Regular dancers, curious and newcomers, all meet at La Glorieta around 8pm, with the last lights of the day. Here, tango high-heels coexist with old sneakers and the Argentinian ‘alpargatas’: everyone who loves dancing is welcome in without distinctions. Strict codes, sometimes frequent in the tango scene, are erased in this informal milonga. Everyone leaves their belongings in a pile in the center, the music starts and so begins the magic, as dance-couples move around the ceramic floor in a counterclockwise direction.
La Catedral, bohemian milonga
La Catedral is the most iconic underground venue in the city for tango lovers. An old warehouse in the neighborhood of Almagro which used to be a grain silo and ―since 1980― is simply known as ‘the temple of tango’. As soon as you go up the stairs, the bohemian ambiance of this laid-back milonga, with dim lights and a kind of grunge decoration will definitely captivate your senses.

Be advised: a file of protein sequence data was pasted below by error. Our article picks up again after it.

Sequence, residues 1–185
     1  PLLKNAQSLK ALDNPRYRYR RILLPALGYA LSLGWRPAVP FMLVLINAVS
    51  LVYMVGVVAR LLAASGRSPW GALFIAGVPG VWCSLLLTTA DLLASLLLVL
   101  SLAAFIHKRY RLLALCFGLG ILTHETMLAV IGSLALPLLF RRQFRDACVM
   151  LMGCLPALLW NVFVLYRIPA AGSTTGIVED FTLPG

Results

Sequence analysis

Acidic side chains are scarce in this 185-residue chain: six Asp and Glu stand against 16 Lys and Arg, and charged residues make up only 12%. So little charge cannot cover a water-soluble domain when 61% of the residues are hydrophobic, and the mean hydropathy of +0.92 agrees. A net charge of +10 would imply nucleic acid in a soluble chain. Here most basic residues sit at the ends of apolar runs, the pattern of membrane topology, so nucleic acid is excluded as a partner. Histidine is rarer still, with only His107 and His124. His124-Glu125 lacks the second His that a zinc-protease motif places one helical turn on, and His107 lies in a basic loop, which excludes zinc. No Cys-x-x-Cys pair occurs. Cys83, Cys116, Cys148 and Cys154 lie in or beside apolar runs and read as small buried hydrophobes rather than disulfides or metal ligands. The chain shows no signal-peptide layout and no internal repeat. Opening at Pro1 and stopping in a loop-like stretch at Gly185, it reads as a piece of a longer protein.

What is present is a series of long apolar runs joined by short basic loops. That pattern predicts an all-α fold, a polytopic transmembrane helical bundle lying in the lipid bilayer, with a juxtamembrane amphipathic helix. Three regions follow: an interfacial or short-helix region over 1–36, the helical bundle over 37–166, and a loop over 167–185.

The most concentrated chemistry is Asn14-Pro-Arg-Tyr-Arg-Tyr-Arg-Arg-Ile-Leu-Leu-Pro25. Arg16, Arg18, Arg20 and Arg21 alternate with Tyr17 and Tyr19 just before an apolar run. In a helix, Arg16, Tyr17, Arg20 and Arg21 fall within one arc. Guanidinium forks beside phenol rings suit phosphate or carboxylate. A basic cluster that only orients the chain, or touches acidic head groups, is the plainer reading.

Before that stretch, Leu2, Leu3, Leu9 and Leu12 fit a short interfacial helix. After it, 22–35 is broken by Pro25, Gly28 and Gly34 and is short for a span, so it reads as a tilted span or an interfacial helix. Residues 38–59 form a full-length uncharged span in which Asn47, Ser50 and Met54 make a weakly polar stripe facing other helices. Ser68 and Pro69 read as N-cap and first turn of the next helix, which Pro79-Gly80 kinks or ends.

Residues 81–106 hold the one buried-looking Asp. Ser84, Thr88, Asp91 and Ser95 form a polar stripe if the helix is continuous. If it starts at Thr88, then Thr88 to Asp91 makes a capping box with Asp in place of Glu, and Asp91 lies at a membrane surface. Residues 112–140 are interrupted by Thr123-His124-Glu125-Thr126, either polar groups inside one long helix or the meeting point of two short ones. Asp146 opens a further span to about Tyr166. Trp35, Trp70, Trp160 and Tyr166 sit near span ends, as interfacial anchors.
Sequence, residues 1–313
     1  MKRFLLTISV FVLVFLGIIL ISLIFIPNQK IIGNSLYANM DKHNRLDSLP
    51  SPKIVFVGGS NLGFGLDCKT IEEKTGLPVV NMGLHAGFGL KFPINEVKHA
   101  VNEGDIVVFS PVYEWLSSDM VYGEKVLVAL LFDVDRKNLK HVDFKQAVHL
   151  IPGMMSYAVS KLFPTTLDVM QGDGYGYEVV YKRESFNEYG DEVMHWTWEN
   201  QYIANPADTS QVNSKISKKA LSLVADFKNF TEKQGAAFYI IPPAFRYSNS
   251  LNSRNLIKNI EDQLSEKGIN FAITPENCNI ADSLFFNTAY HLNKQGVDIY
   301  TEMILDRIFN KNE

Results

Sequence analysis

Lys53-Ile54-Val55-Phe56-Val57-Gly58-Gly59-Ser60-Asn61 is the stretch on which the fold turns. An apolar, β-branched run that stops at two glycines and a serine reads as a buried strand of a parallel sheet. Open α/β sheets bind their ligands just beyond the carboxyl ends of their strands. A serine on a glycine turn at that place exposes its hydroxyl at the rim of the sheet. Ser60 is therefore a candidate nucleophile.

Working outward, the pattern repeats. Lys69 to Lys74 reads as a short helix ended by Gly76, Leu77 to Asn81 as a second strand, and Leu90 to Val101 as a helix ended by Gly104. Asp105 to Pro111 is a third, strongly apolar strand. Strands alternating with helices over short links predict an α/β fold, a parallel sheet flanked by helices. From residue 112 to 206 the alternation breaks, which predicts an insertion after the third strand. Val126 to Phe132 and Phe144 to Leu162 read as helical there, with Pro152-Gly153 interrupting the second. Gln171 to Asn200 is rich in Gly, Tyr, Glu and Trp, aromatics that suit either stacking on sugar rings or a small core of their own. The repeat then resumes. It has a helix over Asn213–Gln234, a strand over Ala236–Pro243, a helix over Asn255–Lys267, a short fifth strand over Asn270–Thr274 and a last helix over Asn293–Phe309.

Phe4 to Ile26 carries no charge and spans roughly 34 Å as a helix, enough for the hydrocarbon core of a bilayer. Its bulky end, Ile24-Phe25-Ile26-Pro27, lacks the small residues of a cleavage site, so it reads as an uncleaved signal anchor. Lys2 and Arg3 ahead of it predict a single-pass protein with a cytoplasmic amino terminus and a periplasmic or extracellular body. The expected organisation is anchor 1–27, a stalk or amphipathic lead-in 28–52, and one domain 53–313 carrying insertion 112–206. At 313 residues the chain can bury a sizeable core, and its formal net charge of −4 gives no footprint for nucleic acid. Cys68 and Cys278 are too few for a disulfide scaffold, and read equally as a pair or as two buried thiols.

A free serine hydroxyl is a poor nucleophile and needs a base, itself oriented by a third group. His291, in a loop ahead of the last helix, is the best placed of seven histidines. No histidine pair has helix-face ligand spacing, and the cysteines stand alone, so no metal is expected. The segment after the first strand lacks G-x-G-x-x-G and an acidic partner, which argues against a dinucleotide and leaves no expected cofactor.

Everyday there are group tango lessons for beginners, where you can learn tango’s eight basic steps and practice some moves. Many tourists visit this place, so instructors are used to speak in English too.
The true milonga ―where you can see seasoned dancers in action― starts around 11 pm. Tables and couches are disposed around the wooden dance floor, so you can have a privileged view of the dancers while you eat and drink something (the menu is only vegetarian). There are people of all ages, but most of them between 20-40 years old. Some days you can catch a tango show performed by a professional couple, which may also include some folklore dance.
The milonga is open everyday from 9pm to 4am. Tango lessons begin at 6pm. Tuesdays are the most popular day.